High up on the spoil heap where the ground is hard, grey and rutted. The sun is hotter than I thought and I feel exposed like a bug on a table. I make may way over to a small stand of silver birches, sit in their shade and drink from my Camelbak, and eat a Snickers. The birch leaves are just turning golden, and a few have fallen.
Even higher, on a raised sandy area, where youths with dirt bikes shout inane comments. I find a route down, crunching and sliding on gravel and sand, then find myself in beatutiful open woodland: beech, chestnut and oak trees on a golden carpet of leaf mulch, with no undergrowth. The trails winds gently down the slope and the sun shines through the leafy canopy. This is England at its best.
I come out near to a lake I’ve never seen before. After the recent rains, it has spread over the path. I duck between trees and a low branch catches in the vent of my helmet. My momentum carries me forward, but the helmet stays where it is, and I nearly hang myself with the strap. Nasty.
I meet the bunch of kids again. More derisive laughter. Determined not to UPD this time, I ride a storming ascent of a sand, gravel and rutted mud path until I’m way out of sight and earshot. Then my way is blocked by a massive flood. I find my way through the trees at the side, and come back out near the youths with the dirt bikes.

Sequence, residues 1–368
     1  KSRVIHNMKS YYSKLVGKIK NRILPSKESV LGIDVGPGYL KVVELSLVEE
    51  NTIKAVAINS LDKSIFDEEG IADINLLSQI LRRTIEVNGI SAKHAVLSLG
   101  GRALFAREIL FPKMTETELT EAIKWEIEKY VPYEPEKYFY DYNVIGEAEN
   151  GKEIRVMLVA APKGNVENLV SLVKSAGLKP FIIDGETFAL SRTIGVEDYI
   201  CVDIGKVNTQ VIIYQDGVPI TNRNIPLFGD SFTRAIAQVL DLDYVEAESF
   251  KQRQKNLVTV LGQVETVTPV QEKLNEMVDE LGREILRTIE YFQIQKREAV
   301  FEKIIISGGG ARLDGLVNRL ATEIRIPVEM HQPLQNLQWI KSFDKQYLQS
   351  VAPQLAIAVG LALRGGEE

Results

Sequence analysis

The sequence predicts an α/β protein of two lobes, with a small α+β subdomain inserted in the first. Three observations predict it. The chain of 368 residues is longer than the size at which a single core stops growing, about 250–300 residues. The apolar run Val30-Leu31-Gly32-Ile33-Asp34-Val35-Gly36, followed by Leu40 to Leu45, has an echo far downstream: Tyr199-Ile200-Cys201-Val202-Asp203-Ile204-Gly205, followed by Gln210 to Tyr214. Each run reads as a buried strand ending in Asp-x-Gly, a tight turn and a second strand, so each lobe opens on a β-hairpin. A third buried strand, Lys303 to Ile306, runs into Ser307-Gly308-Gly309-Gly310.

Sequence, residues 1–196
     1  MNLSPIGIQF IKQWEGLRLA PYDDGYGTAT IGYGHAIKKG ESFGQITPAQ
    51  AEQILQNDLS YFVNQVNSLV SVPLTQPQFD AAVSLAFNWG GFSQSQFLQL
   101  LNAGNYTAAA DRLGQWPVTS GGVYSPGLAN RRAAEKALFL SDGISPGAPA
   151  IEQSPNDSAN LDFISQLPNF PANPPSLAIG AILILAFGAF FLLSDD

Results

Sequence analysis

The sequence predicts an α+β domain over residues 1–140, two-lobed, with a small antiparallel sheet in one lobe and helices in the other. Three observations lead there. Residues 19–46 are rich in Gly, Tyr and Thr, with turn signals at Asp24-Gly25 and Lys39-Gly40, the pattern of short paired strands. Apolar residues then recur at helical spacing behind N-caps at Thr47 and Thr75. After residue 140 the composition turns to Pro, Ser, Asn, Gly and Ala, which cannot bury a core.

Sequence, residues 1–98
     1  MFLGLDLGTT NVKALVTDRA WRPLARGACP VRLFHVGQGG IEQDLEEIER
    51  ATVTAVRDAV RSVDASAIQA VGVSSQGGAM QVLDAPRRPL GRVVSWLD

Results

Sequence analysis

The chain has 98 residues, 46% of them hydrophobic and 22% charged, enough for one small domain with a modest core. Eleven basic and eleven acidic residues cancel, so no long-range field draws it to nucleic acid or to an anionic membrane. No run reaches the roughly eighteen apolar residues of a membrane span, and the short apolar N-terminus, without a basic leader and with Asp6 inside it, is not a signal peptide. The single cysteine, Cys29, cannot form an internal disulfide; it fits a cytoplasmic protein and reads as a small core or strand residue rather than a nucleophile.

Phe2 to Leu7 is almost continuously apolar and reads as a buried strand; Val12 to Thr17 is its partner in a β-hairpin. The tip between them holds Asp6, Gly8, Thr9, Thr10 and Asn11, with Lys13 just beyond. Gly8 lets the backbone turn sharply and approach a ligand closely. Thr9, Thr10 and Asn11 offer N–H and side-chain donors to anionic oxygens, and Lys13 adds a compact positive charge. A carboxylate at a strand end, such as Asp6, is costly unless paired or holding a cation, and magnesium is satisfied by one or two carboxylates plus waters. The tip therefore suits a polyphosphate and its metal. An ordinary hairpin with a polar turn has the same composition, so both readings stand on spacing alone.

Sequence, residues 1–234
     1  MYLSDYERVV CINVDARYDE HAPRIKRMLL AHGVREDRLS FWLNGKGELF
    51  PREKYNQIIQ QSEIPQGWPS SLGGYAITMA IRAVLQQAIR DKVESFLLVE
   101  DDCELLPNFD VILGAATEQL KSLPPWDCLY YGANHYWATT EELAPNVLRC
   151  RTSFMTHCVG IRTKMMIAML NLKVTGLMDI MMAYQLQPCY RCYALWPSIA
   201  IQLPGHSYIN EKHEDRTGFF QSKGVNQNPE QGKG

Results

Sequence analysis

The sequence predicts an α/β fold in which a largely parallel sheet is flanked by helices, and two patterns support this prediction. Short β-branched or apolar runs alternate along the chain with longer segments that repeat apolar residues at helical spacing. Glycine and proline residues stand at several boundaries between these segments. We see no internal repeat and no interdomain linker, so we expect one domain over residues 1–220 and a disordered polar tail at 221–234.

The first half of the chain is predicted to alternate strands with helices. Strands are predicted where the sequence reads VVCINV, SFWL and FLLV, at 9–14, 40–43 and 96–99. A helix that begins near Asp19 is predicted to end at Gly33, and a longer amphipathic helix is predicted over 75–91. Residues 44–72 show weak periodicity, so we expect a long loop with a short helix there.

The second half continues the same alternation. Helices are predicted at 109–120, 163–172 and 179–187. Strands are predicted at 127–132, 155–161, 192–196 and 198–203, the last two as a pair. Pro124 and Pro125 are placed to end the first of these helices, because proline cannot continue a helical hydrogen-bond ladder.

Back in the forest, on my last reserves of energy. All this climbing, all the sand and gravel, and I’m not as fit as I used to be. I UPD unnecessarily, and take the opportunity for a break. I drain my Camelback dry, then eat my reserve Snickers. Looking up through the trees, I see a buzzard soaring overhead.
A group of mountainbikers pass. The first asks if I’m OK because I’ve stopped. The second spoils this moment of cameraderie by asking where my other wheel is.
Very tired now, and only 300 metres from the car, I have to pass a field full of basking idiots. One gets up on his elbow and says, not for my amusement, but for the edification of his fellows, “Do you know you’ve lost a wheel?” My patience is stretched thin. “The first time I heard that was 20 years ago,” I say, with some asperity. His response combines indignation and sheepishness in more or less equal measure.